Iran and IAEA agreed on a plan with a step-by-step timetable of cooperation to settle unresolved issues. The agreement said there were “no other remaining issues and ambiguities regarding Iran’s past nuclear program and activities,” and characterized the accord as “a significant step forward.”
“This is the first time Iran is ready to discuss all the outstanding issues which triggered the crisis in confidence,” said IAEA director general Mohamed ElBaradei. “I’m clear at this stage you need to give Iran a chance to prove its stated goodwill. Sanctions alone, I know for sure, are not going to lead to a durable solution”
In 2003, when Dr. ElBaradei reported there was no evidence that Iraq was reconstituting its nuclear program, the White House was not pleased. And as Saddam Hussein became more cooperative with the weapons inspectors, Bush became “infuriated,” according to Bob Woodward.
Bush’s vow, “We will confront this danger before it is too late,” is the Iran incarnation of his illegal preemptive war doctrine, which he inaugurated in Iraq. In a clear signal he is seeking regime change in Iran, Bush called for “an Iran whose government is accountable to its people, instead of leaders who promote terror and pursue the technology that could be used to develop nuclear weapons.”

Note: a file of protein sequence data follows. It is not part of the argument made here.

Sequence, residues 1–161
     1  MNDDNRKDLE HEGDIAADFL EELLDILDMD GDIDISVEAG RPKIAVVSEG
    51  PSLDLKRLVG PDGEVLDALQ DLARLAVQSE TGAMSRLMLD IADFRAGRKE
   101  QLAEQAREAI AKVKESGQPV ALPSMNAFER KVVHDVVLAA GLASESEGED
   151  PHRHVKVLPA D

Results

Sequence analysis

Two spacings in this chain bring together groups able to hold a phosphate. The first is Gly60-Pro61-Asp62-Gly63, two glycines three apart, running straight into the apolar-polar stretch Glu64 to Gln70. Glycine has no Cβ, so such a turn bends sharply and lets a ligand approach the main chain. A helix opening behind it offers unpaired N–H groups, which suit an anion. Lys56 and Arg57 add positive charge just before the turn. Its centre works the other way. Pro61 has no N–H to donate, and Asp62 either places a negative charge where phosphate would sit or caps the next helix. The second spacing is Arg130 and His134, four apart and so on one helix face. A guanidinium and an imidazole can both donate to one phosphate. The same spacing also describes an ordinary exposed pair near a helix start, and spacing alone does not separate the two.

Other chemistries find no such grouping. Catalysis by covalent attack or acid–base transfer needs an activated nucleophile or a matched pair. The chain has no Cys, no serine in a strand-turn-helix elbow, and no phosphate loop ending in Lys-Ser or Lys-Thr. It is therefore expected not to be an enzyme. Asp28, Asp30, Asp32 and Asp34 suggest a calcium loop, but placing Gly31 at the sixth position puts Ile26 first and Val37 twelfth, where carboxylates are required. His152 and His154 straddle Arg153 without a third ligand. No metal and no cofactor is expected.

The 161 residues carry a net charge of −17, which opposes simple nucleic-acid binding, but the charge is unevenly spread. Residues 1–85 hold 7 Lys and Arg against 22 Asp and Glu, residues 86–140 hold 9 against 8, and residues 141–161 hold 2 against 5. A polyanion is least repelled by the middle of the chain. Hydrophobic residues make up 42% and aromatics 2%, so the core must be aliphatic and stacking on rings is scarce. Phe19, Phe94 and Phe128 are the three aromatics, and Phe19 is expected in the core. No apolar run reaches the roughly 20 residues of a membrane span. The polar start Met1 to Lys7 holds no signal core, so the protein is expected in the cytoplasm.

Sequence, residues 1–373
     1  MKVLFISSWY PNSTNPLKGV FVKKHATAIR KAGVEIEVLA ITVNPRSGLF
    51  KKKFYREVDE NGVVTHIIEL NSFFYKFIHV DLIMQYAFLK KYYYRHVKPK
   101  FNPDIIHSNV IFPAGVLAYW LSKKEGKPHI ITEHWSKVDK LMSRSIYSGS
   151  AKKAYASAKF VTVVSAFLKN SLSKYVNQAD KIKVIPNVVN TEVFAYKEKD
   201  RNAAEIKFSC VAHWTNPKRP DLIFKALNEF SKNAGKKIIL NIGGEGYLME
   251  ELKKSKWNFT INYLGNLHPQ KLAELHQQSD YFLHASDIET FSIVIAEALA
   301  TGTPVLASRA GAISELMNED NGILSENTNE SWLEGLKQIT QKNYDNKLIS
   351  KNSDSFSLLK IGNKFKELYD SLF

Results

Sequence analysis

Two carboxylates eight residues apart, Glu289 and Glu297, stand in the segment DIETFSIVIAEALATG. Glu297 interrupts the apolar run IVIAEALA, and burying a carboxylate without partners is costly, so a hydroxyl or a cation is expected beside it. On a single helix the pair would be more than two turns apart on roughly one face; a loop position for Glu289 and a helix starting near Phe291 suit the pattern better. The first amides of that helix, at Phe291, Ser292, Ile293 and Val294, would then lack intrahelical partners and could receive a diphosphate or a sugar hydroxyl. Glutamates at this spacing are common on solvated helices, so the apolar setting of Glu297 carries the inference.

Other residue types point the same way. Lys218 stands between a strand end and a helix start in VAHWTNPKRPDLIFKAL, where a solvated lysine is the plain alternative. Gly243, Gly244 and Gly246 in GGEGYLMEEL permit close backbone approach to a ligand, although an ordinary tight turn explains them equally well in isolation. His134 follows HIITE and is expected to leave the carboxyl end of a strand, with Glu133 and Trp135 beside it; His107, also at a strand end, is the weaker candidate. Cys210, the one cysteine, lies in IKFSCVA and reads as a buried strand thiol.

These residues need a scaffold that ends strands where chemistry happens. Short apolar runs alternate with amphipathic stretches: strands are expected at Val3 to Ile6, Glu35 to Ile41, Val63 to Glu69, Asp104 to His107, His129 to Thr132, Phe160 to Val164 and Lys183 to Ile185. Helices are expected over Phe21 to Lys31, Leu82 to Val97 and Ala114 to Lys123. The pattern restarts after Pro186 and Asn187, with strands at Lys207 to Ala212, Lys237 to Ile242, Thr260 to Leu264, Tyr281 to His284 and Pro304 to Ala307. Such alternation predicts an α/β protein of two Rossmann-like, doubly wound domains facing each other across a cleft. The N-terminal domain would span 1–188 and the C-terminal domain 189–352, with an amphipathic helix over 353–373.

Barnett Rubin reported on Global Affairs blog that one of the leading neo-conservative institutions has “instructions” from Dick Cheney’s office to “roll out a campaign for war with Iran in the week after Labor Day; it will be coordinated with the American Enterprise Institute, the Wall Street Journal, the Weekly Standard, Commentary, Fox, and the usual suspects. It will be heavy sustained assault on the airwaves, designed to knock public sentiment into a position from which a war can be maintained. Evidently they don’t think they’ll ever get majority support for this – they want something like 35-40 percent support, which in their book is ‘plenty.'”
Bush/Cheney created the White House Iraq Group (WHIG) to lead a propaganda campaign to bolster public support for war with Iraq. The White House decided to wait until after Labor Day of 2002 to kick off WHIG’s mission. Chief of staff Andrew Card explained, “From a marketing point of view, you don’t introduce new products in August.” Five years later, they’re marketing a new and even more dangerous product – war with Iran. British military historian Corelli Barnett says “an attack on Iran would effectively launch World War III.”
Our military spending has reached $1 billion every 2-1/2 days and we are borrowing $2-1/2 billion per day. Bush is mortgaging our children’s future security and wealth. We have lost more than 3,700 soldiers in Iraq and hundreds of thousands of Iraqis have died.
We have already seen how easily Congress caves in to AIPAC. It’s up to the people. As Noam Chomsky said, “The most effective barrier to a White House decision to launch a war [on Iran] is the kind of organized popular opposition that frightened the political-military leadership enough in 1968 that they were reluctant to send more troops to Vietnam.”